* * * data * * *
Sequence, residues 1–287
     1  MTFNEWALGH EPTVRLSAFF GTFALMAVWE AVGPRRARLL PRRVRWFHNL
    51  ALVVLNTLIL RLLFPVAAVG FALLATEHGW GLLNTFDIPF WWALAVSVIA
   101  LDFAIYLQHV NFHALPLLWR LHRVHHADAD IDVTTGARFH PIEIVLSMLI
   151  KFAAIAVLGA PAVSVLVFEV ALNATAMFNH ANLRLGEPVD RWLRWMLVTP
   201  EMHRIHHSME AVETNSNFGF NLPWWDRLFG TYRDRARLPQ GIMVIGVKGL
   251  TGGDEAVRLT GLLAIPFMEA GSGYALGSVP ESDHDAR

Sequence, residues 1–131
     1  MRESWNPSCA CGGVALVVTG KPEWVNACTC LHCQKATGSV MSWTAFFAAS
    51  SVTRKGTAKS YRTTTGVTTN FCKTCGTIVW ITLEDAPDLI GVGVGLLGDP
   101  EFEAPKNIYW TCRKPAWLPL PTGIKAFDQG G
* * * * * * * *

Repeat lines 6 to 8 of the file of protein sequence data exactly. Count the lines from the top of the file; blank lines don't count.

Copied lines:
   201  EMHRIHHSME AVETNSNFGF NLPWWDRLFG TYRDRARLPQ GIMVIGVKGL
   251  TGGDEAVRLT GLLAIPFMEA GSGYALGSVP ESDHDAR

Sequence, residues 1–131